Last weekend, like many families, we wanted to have a family day out somewhere green in the sunshine.  The boys wanted to take various sporting goods (football, cricket bat etc) so a trip to Kew Gardens was out.  Instead, we decided to go to Bushy Park, the second largest Royal Park in London near Twickenham.  M&S provided sausage rolls and crisps, the kids chased balls, my husband had a snooze and I even got to read a bit of the paper uninterrupted – and we saw some deer roaming wild.  All good.

The next evening, my youngest son gave a yell from the bathroom “Mum, there’s an insect IN my leg”.  By the time I got there, he proudly showed me a little creature on his finger and a red hole on his upper thigh from where he had dug it out, surrounded by a round red patch on the skin about 10cm in diameter.  Being an inquisitive sort of family, we stuck on some Savlon and then put the bug under the microscope and worked out it was a tick.  A tiny one, no bigger than a big pinhead with legs.  (If my web skills were better I’d post a picture but that’s for another day.)

Now I’m a healthcare professional and I know from my training that where there are deer there is a danger of tick bites, and that they can carry a range of nasties including something called Lyme Disease which affects the joints. So I did some research, and took my son to the GP who prescribed antibiotics just in case he picked something up.  Hopefully that’s the end of the matter.   But in my reading I learnt a lot and thought I’d share it with you.

Note that the treatment and diagnosis of Lyme Disease (LD) isn’t black and white, the treatment protocols are not fully researched and ticks in different countries carry different strains of the bacteria, causing different symptoms.  There is a lot left to learn but this is what I picked up:

What is Lyme Disease ?  A blood-borne bacterial infection (mainly Borrelia Burgdoferi) carried by ticks (tiny arachnids), which live on deer.  It was named for Old Lyme, Connecticut, USA but is not a new disease.

Where can you catch it ?  The Northern Hemisphere – many countries in the US and Northern Europe as well as Asia.  For West-Londoners, Richmond and Bushy Parks are homes to the ticks, with LD definitely in Richmond and possibly Bushy too according to a small study in 2013 by the London School of Tropical Medicine.  The New Forest, South Downs and other UK sites all have infected ticks. Between March-October is the most likely time to catch it as the ticks are reproducing, but thankfully not all ticks carry the disease (in fact only a small proportion).   The NHS estimate that 2-3,000 people are infected every year, but other experts suggest this is an underestimate.  So you probably WON’T be bitten, and if you are, the chances are that the tick WON’T have LD, but just in case, forewarned is forearmed etc. . .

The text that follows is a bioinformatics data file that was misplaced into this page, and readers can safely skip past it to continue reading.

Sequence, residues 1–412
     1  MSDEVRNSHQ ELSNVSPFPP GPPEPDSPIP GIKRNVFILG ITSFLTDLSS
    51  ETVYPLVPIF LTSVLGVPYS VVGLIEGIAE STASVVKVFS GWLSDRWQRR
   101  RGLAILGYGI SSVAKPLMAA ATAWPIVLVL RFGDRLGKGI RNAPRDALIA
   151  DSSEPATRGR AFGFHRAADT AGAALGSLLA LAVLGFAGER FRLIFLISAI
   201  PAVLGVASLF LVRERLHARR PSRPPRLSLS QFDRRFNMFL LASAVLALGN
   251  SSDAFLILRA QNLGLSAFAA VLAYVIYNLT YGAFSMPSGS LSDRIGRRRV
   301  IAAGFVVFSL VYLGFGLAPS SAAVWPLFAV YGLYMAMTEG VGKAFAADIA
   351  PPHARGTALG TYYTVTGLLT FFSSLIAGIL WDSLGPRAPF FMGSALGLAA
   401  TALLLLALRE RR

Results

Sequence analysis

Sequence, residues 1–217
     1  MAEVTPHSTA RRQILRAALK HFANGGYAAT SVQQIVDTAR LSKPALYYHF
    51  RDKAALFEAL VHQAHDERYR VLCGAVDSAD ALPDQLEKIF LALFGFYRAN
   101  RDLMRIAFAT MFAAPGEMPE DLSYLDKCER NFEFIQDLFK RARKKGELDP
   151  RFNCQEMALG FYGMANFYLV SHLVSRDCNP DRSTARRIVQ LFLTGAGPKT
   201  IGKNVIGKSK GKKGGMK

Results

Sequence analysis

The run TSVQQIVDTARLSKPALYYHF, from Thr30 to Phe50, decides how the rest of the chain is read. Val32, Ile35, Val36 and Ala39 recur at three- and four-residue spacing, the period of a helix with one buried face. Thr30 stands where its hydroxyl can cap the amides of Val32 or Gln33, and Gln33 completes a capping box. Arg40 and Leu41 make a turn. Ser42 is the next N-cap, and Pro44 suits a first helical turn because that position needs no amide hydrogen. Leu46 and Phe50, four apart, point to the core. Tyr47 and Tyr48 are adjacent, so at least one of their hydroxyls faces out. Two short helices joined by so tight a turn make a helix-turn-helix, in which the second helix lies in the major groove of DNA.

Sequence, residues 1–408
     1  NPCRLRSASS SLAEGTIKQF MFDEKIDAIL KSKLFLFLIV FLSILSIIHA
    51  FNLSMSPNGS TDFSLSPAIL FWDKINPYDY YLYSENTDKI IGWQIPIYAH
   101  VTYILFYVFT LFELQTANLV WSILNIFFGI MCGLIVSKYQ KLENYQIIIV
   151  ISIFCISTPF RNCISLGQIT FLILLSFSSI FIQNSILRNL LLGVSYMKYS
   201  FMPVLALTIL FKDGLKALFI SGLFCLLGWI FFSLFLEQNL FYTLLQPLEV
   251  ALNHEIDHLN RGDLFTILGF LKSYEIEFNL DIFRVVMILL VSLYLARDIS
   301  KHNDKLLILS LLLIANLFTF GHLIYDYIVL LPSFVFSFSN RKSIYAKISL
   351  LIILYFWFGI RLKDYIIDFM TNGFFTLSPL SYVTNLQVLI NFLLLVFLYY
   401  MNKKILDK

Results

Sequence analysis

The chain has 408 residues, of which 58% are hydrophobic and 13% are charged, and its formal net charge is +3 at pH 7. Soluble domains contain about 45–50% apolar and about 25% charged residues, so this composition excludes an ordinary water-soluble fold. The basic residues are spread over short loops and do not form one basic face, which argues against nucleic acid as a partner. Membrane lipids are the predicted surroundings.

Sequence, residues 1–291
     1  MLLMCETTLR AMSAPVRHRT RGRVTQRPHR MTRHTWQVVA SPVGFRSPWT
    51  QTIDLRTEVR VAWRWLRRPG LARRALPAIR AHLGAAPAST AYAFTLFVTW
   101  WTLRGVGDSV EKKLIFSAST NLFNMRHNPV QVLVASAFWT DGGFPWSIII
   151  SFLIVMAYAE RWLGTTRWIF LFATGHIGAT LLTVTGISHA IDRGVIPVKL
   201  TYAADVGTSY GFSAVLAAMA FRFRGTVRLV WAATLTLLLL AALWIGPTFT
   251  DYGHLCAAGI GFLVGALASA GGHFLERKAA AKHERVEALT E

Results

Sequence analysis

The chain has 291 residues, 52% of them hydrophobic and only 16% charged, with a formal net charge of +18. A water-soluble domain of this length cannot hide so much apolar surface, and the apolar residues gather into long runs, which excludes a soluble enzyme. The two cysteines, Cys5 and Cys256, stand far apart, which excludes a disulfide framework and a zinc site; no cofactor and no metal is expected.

What are the symptoms ?  Following infection, it can take between 3-30 days to display symptoms, and some people don’t at all.  As it is a bacterial infection, the effects can be widespread.  The most often quoted symptom is a “bullseye rash” (see picture) but this only appears in 1 in 3 cases according to the NHS.  Other symptoms include flu-like symptoms, joint pain, neurological pain, behavioural changes and facial pain amongst others.  Very acute cases are thankfully rare but have serious symptoms.

Untreated, the disease can become chronic and cause severe widespread problems including arthritis and organ damage (heart, kidneys) or fatigue-type problems.  You may have seen the press surrounding the cases of the Phones4U founder John Caudwell and his family.  Such symptoms appear to be rare, but awareness, early detection and treatment is a good idea and advocated by lots of healthcare organisations.